T-Minus Five: Musings on Job Transition, Part 1

I have only five days remaining in my current place of employ.

This may not seem like a big deal, but this company has done much and more for both my family and me and the people here are about as close to family as co-workers can be.If I can stay on it, I would like to do a countdown of things that have been done for me by the company and those who work herein.

Five…

My current employer gave me a chance to reinvent myself and transition into a new career path.

I spent most of my young life thinking that I would go into teaching. And I did. I spent five years in high school English classrooms. When things went sideways, I decided that the difficulties present in finding a new teaching position might be an indicator that I needed to consider a new career path. So I tried to tailor my resume for writing and editing jobs. There was a long period of receiving “Thank you, but no thank you.” letters from various employers who had their pick of qualified candidates. I received a call from my current employer when I was filling out the paperwork for a part-time, temporary teaching spot.

Yeah, things were that bad.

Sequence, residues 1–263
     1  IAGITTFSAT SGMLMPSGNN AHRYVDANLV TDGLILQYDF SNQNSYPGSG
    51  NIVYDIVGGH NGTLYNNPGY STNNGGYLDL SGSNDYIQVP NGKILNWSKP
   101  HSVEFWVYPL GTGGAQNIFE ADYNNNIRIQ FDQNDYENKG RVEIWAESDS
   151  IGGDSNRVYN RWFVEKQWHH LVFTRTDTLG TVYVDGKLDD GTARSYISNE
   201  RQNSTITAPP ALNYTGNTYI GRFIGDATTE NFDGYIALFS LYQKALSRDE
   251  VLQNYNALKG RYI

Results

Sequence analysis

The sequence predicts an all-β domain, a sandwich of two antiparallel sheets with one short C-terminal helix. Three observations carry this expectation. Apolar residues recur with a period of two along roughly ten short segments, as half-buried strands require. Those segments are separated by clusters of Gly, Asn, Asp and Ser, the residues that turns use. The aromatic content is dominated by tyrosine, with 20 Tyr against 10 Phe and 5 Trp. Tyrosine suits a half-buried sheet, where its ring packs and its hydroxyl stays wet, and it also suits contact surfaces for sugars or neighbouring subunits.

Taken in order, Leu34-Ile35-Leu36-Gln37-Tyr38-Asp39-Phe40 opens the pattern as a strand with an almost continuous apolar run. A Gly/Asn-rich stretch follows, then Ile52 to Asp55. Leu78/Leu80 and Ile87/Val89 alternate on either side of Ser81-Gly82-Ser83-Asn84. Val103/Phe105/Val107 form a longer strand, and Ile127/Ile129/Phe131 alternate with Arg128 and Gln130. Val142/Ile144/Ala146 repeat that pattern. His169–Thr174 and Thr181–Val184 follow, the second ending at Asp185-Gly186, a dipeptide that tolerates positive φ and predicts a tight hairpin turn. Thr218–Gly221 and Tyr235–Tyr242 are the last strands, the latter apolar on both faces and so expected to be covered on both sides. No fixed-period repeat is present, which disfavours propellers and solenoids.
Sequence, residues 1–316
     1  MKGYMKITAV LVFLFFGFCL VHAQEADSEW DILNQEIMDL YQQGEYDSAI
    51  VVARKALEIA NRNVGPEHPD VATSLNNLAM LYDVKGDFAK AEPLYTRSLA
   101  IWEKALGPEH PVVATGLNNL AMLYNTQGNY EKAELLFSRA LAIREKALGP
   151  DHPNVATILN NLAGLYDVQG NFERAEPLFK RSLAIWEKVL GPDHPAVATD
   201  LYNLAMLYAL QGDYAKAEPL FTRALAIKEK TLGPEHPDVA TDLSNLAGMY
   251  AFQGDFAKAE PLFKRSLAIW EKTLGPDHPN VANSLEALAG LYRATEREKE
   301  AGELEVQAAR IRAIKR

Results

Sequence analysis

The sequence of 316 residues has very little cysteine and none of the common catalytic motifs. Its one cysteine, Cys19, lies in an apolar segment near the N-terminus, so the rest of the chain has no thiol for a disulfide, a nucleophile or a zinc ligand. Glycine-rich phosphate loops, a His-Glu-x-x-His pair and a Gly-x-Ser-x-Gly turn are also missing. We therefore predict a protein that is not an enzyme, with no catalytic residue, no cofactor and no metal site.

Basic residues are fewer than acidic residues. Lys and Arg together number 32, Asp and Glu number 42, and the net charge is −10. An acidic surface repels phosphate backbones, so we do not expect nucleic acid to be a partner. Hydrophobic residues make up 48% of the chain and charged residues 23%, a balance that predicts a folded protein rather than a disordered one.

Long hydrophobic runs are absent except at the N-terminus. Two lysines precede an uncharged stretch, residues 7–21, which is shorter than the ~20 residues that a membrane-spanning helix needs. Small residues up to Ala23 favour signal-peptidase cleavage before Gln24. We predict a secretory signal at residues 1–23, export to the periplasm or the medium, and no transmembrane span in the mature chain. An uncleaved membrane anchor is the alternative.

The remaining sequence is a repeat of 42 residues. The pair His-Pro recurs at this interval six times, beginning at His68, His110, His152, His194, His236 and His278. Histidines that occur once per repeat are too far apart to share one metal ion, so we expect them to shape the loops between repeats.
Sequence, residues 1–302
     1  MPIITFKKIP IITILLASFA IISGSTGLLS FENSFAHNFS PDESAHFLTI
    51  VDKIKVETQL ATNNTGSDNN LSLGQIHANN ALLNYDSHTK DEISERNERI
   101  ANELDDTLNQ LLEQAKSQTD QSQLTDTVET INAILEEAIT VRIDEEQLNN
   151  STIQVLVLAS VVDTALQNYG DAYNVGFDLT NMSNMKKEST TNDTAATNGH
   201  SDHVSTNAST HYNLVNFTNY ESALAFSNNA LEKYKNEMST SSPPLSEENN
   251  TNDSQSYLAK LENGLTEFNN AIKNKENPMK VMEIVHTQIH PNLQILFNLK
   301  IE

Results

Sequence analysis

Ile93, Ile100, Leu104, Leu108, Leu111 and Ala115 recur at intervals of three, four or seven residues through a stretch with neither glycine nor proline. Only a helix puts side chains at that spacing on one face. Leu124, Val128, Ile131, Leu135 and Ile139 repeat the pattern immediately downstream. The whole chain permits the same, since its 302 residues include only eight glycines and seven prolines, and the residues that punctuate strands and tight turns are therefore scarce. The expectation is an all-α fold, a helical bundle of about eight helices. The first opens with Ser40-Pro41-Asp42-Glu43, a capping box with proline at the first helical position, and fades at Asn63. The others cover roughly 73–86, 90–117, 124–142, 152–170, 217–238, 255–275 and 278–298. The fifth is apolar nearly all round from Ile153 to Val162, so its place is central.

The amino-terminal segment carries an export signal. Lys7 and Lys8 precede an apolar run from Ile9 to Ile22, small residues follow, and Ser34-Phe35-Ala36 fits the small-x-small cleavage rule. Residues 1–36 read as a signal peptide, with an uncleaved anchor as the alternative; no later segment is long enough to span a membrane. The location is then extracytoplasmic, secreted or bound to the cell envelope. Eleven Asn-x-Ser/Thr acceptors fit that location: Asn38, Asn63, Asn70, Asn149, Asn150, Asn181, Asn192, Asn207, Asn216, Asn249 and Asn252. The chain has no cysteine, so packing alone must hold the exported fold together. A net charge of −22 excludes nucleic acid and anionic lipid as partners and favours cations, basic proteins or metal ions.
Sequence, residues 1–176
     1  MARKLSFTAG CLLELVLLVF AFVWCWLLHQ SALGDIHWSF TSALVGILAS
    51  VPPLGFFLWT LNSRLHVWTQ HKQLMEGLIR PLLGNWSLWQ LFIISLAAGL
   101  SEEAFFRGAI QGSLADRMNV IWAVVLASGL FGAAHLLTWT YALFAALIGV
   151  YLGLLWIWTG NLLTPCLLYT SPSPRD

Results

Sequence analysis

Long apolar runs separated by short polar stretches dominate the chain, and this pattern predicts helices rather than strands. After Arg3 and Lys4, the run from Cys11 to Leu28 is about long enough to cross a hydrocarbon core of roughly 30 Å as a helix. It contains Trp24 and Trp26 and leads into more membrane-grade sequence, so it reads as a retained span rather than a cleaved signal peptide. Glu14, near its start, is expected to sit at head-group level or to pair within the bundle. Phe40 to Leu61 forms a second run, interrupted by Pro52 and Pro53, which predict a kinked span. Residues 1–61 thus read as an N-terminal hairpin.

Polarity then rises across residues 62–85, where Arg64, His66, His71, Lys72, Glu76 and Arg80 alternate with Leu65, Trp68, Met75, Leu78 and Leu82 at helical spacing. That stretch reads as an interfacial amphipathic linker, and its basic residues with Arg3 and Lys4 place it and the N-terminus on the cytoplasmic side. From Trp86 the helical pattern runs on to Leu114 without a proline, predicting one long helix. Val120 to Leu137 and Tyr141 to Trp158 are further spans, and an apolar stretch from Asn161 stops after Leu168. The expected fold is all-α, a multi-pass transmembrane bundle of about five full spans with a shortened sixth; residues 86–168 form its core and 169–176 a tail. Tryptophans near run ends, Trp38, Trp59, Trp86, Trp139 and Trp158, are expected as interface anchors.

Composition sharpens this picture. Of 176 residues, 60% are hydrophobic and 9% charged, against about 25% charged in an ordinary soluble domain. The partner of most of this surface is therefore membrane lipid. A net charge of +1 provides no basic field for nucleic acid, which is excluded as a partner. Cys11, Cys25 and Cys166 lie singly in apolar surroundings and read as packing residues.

I interviewed with the woman who would eventually be my first supervisor in this company and who would do a fair bit of mentoring me. I was interviewed by those who would become my colleagues and trainers and I was interviewed by some of those with whom I would work regularly. None of this set klaxons sounding in my mind. I was too busy trying to get my mental arms around the temporary teaching gig.

After three or more rounds of interviews, I was offered a sort of journeyman writing spot. I spent most of my energies trying to learn what was expected and to execute on that. I also felt that I owed my supervisor and this company a debt of gratitude, as they were the ones who gave me a chance to reinvent my professional self.

For the next five years and change, I would spend a good amount of energy trying to repay the debt I felt I owed. As colleagues transitioned to other things and supervisors charted new courses, the debt began to feel repaid. At this juncture, I feel that I have given my best efforts and have repaid the faith placed in me by those who gave me a chance — none of whom still work here.

I am grateful for the faith placed in me by those who gave me a chance and made the case for giving that chance to those who might have expressed doubts. I hope that their faith has been justified these five years and change and that the chance they took and its results inspire similar wagers in future.

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